The Chalk Garden Enid Bagnold's The Chalk Garden is an old-fashioned English yarn about a governess with a dark secret who's hired by an eccentric grandmother (Jeannette Clift George) to care for a smart-mouthed, teenage granddaughter (Kacy Smith). After many scenes that involve a wacky houseman (Chip Simmons) and lots of metaphorical chitchat about how to care for the dying garden outside, it becomes clear that the governess (Cyndi Scarr Crittenden) is just what the strange family needs. Not only does she know a thing or two about flowers, she clearly knows how to tame a wild girl. The garden starts to grow, the adolescent becomes more civil, and the grandmother finds a friend. In fact, everything is going splendidly until one fateful afternoon when an old judge (David Parker) comes for lunch and tells the story of a young woman he once condemned to death for murder. All hell breaks loose! Secrets come to light! Emotions run high! It's easy enough to tell where the story is headed, but the fun is in the journey. Unfortunately, A.D. Players' production is marred by the performance of its star player, George. On opening night, the elderly actress, who is a charming performer and a still frankly beautiful woman, did fine through the first act. But by the middle of Act II, she was clearly getting tired. And by Act III, a stagehand was feeding her her lines. The show would have gone more smoothly had she simply carried a script. Because George shines with such natural charisma, it is difficult to watch and even more difficult to report her troubled performance. But when a theater charges $30 a ticket, the actors should know their lines. Through June 4. Grace Theater, 2710 W. Alabama, 713-526-2721.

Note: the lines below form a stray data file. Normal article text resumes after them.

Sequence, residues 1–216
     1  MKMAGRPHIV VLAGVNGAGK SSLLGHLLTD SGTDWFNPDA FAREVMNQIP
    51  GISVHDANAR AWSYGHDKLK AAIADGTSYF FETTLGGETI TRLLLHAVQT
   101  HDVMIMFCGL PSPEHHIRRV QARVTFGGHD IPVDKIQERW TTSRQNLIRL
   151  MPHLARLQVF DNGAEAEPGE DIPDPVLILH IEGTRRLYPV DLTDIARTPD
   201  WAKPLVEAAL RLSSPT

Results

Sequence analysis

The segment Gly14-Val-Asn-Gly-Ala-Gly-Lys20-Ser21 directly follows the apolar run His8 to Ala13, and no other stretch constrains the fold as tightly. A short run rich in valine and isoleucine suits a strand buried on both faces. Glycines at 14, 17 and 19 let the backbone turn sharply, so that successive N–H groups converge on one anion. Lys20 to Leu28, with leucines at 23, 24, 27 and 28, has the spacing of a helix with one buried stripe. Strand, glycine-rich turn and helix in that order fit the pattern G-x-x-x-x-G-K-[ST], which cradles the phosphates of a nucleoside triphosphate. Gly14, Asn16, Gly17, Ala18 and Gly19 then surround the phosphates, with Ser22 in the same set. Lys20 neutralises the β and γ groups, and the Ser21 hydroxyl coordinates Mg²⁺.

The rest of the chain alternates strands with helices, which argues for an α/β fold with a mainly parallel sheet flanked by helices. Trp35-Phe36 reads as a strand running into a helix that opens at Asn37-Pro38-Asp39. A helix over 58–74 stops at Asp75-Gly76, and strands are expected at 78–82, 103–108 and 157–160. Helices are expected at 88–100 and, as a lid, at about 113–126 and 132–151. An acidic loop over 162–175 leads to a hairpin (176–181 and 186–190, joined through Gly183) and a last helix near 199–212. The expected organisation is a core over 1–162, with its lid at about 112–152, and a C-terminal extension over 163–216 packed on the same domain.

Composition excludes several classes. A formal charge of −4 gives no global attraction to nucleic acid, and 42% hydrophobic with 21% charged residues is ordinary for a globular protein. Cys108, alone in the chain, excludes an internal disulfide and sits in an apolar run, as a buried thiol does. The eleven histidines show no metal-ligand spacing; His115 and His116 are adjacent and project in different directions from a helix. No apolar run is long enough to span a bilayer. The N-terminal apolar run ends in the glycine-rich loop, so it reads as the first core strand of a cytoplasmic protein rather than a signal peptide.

The Long Christmas Ride Home As much admiration as both Bobbindoctrin Puppet Theatre and Unhinged Productions inspire through their exemplary work in staging the unusual (BPT) and the gay (UP), Paula Vogel's newest work, which she calls an "adult puppet play," is an uneasy collaboration. This is not the fault of the two fine theater companies. The blame rests squarely with Vogel. Lauded for her black comedy about pedophilia, How I Learned to Drive, Vogel has returned to portray another screamingly dysfunctional family. There's adultery (from Dad, Alan Hall), frigid emotionless distance (from Mom, Sara Gaston) and three messed-up, whiny kids in the backseat of the rusty family car on their way to Grandma's house for a Christmas from hell. Carsick Stephen (Kyle Green) fantasizes about boys; Rebecca (Patricia Duran) fantasizes about hot Catholic boys; little Claire (Melissa Winter) is the golden girl who wants to know "what do we believe." The work moves back and forth in poetic time shifts and ultrapoetic stage language as secrets are revealed and the family spirals out of control. Now, the problem is, why are the kids but not the parents enacted as Bunraku-type puppets? It mucks up much more than it clarifies. Stephen grows up gay and then dies from AIDS before we get to really know him. Rebecca grows up pregnant and with boyfriend problems, and little golden Claire grows up lesbian, stalking her girlfriend's latest tryst. We don't get to know them, either. Stephen's ghost comes back into his sisters' lives to save them from themselves. With an onstage sitar player and Japanese shoji screens influencing the set design, it's very Eastern mystic. The acting is thoroughly lovely, as are Justin Dunford's puppet designs, but a little less philosophy and more dramaturgy might work wonders. Through May 14. Stages Repertory Theater, 3201 Allen Parkway, 713-527-0123.